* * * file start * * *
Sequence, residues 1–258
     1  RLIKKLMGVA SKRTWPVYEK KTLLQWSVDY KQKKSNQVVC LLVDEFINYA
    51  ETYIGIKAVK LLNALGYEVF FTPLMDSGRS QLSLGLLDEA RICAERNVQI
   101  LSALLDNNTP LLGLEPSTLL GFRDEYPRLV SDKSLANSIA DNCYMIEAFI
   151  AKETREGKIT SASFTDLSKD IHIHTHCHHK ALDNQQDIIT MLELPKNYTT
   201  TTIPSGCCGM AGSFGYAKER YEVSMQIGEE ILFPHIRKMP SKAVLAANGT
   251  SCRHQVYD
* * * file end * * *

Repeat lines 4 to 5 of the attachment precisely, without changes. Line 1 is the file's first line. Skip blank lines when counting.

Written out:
   101  LSALLDNNTP LLGLEPSTLL GFRDEYPRLV SDKSLANSIA DNCYMIEAFI
   151  AKETREGKIT SASFTDLSKD IHIHTHCHHK ALDNQQDIIT MLELPKNYTT